Ghostwriter

March 21, 2013

I’m a writer. My mind is always on the go. It’s popping ideas about a current project or a future one. I’m constantly scribbling on paper, napkins, my hand – whatever is available at the time an idea knocks on my brain.

It so happens the middle of the night is a very popular time for ideas to creep into my subconscious and zap me into consciousness.

Inspiration came the other night. Being careful not to wake the adorable sleeping giant beside me, I quietly reached for the pen and notebook I keep under my side of the bed. In the dark, I wrote down my ideas. I made a distinct point of writing legibly. Too often, I’ve hurriedly scribbled my ideas on paper only to find I’m unable to decipher my writing the next morning. Satisfied that I had all my thoughts neatly written down, I rolled over and went to sleep.

Morning arrived. It was going to be a good day for writing. I just knew it. I took my notebook to my computer. I sat down to read my overnight inspiration. Read what?

The page was empty. I flipped through the notebook forwards and backwards – nothing! My words had disappeared. Did I dream my inspiration? Did someone sneak into the bedroom and steal my words of wisdom? Was it ghostwritten, using invisible words? Maybe that’s how H.G. Wells was inspired to write The Invisible Man!

Upon further investigation, I found the pen was inkless, and I was left wordless and idealess. Back to the writing board.

O-Pun the Book

September 20, 2012

Samuel Johnson said, “Puns are the lowest form of humor.” If this is true, then my humor is stuck on the bottom of a barrel. I love puns. I love to hear them. I love to use them. I love to read them. They’re jest punny.

I especially enjoy reading books by authors who use puns in their writing. For me, that makes reading the book aloud to a group twice as much fun. It’s also a perfect way to introduce wordplay to students. Here are three of my favorites.

O-pun Book One

On Tuesday I read Library Dragon written by Carmen Agra Deedy and illustrated by Michael P. White to my third graders. Before beginning, we discussed puns and wordplay. I had a burning desire for my students to appreciate Deedy’s humor. I fired them up by throwing out a few puns of my own.

Library Dragon is filled with creative wordplay. When a school advertises for a librarian who is thick-skinned, is on fire with enthusiasm, and will help stop book damage and loss, Miss Lotta Scales is hired. The problem is Miss Lotta Scales is a real dragon and takes her job description literally. She refuses to let anyone touch a book. Teachers are hot under the collar about the situation. When a little girl teaches Miss Scales the value of sharing a book and a story, the librarian sheds her scales, and the children warm up to her. Deedy and White both have a knack for using wordplay in text and illustrations to make this one hot book!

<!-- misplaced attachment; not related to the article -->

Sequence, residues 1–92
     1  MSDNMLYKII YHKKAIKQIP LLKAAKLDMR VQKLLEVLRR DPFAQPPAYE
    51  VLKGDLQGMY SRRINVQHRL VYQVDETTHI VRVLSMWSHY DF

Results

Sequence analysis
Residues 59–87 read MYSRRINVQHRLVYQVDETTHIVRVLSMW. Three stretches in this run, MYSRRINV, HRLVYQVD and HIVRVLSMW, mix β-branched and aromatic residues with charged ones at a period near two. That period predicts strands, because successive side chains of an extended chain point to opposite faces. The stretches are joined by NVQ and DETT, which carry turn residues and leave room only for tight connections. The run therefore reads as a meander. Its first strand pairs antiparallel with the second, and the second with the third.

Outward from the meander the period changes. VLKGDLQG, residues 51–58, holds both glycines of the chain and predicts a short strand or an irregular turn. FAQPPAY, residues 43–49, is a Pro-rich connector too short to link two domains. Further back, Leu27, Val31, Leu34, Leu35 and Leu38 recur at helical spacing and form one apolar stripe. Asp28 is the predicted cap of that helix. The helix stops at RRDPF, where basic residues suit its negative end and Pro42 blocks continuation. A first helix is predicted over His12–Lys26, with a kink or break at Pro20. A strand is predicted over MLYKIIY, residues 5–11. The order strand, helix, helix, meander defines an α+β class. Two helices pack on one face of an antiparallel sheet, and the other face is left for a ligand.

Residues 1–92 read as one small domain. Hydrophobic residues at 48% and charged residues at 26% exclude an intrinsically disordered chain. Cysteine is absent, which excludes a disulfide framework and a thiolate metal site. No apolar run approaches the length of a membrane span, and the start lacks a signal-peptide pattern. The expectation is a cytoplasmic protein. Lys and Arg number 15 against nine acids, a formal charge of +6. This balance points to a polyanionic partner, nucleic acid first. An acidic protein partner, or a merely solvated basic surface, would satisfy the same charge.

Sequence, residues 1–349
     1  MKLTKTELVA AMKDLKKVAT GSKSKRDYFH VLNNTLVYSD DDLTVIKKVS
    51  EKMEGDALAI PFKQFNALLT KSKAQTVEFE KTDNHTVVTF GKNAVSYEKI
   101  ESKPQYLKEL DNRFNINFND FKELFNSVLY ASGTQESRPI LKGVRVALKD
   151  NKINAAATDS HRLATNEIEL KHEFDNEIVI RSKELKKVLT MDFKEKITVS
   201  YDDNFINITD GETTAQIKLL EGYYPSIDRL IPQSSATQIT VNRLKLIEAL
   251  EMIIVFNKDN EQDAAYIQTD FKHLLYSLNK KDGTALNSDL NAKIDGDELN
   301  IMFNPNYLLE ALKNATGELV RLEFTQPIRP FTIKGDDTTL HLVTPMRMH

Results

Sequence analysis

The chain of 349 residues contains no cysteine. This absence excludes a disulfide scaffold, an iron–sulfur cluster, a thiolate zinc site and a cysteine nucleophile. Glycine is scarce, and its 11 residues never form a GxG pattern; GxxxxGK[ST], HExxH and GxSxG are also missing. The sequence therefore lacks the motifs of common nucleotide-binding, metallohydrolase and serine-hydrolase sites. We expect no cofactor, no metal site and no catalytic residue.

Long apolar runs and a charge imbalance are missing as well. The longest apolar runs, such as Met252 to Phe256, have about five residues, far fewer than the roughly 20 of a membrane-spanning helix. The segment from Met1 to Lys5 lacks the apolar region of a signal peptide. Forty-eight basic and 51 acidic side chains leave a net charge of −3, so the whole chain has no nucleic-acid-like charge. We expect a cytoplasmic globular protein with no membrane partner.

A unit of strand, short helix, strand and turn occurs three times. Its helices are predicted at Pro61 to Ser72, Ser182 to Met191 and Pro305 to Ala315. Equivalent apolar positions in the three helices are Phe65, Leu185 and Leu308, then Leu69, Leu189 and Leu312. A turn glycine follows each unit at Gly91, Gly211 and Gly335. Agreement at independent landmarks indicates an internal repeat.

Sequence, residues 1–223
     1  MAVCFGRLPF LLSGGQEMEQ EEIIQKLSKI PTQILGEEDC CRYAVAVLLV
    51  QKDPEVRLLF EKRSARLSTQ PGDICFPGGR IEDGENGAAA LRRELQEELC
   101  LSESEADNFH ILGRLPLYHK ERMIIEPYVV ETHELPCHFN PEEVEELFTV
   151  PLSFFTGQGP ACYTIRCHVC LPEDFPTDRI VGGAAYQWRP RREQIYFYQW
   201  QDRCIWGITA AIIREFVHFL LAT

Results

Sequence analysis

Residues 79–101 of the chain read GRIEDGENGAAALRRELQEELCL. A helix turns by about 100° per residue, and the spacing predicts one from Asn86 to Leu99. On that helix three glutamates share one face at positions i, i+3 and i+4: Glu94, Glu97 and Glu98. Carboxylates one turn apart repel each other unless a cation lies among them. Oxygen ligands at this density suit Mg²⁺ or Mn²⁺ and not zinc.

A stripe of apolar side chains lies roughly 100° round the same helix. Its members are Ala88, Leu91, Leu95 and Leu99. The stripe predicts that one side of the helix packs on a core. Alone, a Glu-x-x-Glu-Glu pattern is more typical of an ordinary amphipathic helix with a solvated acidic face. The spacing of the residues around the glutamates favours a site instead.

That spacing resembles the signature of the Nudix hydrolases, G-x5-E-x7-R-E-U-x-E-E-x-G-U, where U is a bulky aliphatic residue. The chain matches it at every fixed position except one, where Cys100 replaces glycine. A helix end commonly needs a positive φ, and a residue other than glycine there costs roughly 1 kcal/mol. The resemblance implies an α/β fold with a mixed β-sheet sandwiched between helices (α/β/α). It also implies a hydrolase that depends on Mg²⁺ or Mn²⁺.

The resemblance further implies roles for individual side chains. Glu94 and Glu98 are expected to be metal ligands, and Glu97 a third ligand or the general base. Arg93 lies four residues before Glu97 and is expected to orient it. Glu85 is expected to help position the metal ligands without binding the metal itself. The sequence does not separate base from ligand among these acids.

O-pun Book Two

You haven’t seen a real silly billy until you’ve seen The Three Silly Billies written by Margie Palatini and illustrated by Barry Moser.  When Troll at the Trollgate Plaza won’t let the Three Silly Billies cross the bridge because they don’t have enough “cents,” the Silly Billies decide to form a car pool to share the toll. They blow up a pool, jump in, and wait for others to join them. Troll thinks they’re all wet. But when the Three Bears, Little Red Riding Hood, and Jack all jump into the car pool, enough money is collected to cross the bridge, and the grumpy Troll is left to deal with a Giant problem of his own. Palatini’s text is filled with catchy language and moves along quickly to maintain interest. This book will tickle your punny bone!

O-pun Book Three

Candace Fleming is prolific when it comes to writing picture books, novels, stories, and biographies. She knows how to entertain readers. One of my favorite books is The Fabled Fourth Graders of Aesop Elementary School. Talk about punny! The author has filled the pages with colorful characters such as Mr. Frost, who has white hair, Ms. Bucky, who grinds her teeth, Miss Playwright, the drama teacher, Ham Samitch, who loves to eat, Victoria Sovaine, who loves herself, and Ms. Paige Turner, the librarian. Then there’s the new teacher, Mr. Jupiter, who is there to whip the challenging fourth grade class into shape. He’s an out-of-this-world teacher! At the end of each chapter, readers will find a moral as Candace Fleming takes them on a hilarious romp through the halls of Aesop Elementary School.

Ms. Paige Turner might agree the moral of this blog post is to grab a book you enjoy and read it!